‘Real Housewives’ Star Holds Estate Sale In Sagaponack


Money may not buy you class, but it certainly can buy all of the contents—from furniture, to dishes, down to the front door—of Countess Luann de Lesseps’ home in Sagaponack.

The “Real Housewives of New York City” star hosted an estate sale last weekend with Westchester-based company Estates NY at her house off Highland Terrace, starting on Friday morning, at which time bargain hunters, fans and building contractors alike piled into the foyer.

Antique wooden beams—28 for $12,000—lined the ceiling of Ms. de Lesseps’ home, while mid-century oil paintings, including a portrait of the countess herself, decorated the walls.

“It’s an eclectic mix with all walks of my life in it,” Ms. de Lesseps said of her belongings over the phone later in the day. The former wife of French Count Alexandre de Lesseps, Ms. de Lesseps said many of the items for sale were from France, as well as some antiques from other parts of Europe and also China.

For the sale’s attendees on the opening day, the home’s contents were only half the appeal.

“I’m not really looking for anything in particular,” said Mary Ellen DiPrisco, a television producer living in Sag Harbor, while eyeing a flat-screen TV on a small table in one of the five bedrooms on the second floor of Ms. de Lesseps’s home. “I just thought it’d be fun to poke around. I’ve watched the show for years. It’s so funny to be in the house and see the table they sat at during certain scenes, and you think, ‘Wow, it’s much larger than it looks on TV!’”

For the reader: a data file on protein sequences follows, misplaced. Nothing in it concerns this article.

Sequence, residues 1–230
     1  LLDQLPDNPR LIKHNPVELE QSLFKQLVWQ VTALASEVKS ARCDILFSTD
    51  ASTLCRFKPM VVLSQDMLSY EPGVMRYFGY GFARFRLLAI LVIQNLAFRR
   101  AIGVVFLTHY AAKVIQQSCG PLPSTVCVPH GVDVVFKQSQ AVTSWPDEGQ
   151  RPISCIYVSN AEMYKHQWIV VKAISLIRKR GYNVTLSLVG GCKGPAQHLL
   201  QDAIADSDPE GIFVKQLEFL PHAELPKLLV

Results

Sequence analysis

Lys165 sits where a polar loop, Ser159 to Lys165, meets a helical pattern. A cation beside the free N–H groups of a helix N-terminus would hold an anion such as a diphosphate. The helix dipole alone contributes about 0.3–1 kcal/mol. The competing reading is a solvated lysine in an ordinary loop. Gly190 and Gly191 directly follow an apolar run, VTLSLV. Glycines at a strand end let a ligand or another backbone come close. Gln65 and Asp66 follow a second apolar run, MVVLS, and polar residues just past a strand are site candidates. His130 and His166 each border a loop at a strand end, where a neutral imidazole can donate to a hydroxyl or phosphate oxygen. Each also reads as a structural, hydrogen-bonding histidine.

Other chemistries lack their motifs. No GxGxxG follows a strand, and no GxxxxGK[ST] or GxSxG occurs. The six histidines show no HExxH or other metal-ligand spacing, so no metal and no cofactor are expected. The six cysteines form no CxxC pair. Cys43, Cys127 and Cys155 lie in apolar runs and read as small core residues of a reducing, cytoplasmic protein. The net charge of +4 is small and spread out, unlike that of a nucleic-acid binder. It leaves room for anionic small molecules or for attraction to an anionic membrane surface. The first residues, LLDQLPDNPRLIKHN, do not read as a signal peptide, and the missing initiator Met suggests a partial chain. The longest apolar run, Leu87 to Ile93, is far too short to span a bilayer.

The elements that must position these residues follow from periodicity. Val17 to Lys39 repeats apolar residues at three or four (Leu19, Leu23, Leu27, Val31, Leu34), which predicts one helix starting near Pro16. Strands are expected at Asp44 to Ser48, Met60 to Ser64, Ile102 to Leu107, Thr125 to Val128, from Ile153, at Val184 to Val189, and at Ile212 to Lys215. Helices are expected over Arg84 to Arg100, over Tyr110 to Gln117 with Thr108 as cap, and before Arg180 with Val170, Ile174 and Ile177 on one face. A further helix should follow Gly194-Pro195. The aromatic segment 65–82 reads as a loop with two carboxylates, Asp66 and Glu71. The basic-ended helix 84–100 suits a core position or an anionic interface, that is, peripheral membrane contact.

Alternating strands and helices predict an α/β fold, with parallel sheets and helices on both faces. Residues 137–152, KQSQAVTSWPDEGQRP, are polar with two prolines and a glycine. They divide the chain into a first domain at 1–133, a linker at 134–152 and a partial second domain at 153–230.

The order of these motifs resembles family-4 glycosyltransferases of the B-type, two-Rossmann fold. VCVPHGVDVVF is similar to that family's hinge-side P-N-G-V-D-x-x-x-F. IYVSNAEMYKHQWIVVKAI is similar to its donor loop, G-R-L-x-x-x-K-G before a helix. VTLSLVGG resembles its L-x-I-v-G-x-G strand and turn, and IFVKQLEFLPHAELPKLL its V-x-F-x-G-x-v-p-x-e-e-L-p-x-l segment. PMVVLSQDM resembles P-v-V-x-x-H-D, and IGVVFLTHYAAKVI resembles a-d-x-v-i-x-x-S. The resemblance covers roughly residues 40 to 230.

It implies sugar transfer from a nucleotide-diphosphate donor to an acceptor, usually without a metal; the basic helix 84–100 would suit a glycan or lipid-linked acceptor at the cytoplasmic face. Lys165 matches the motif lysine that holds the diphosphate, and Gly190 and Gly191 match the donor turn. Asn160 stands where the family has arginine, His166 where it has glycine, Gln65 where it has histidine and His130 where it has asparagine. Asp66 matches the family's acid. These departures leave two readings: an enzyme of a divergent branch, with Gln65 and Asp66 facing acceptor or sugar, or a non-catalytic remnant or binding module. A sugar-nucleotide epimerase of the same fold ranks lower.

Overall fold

Also for sale, said Estates NY owner Wendy King, were George Smith-slipcovered sofas, Lloyd Loom wicker dining chairs, a Fitline elliptical, even a tandem bicycle.

“I think just about everything will sell,” said Ms. King. “Not only is Luann’s stuff beautiful, but because she’s known on television, I think things will go pretty quickly.”

Ms. de Lesseps and her two children, Noel and Victoria, had lived in the home since 1993. With Victoria now enrolled in college, and Noel, a senior in high school, planning to attend college next year, Ms. de Lesseps said the 6,500-square-foot home is too large for her alone. The property is now under contract with Farrell Builders, which has plans to tear the house down and rebuild.

“They weren’t happy at first,” she said of her children’s feelings about moving out. “It’s the home they were raised in; that’s always hard for a kid, it would be abnormal if it wasn’t. But they love the new house, it’s right on the water and Noel loves to fish. So, it’s a change but one that I think is good.”

And despite looking forward to “starting completely fresh” with her newly purchased, 19th-century village home in Sag Harbor, Ms. de Lesseps said there were some sentimental items in her Sagaponack home that she had no intention of selling.

“Some other pieces of art, and some silver candelabras, mirrors, I just couldn’t part with,” Ms. de Lesseps said. “There are some things that really aren’t replaceable, so I kept those for the children.”

A percentage of the proceeds from the sale will be donated to the Retreat, the East Hampton-based non-profit organization that supports victims of domestic violence.

“I’m an East Ender and I think it’s important to give back, and what better than the ladies’ Retreat?” said Ms. de Lesseps. “I support charities in New York, but I thought it’d be a good time to help out east.”

The sale was scheduled to end last Sunday.

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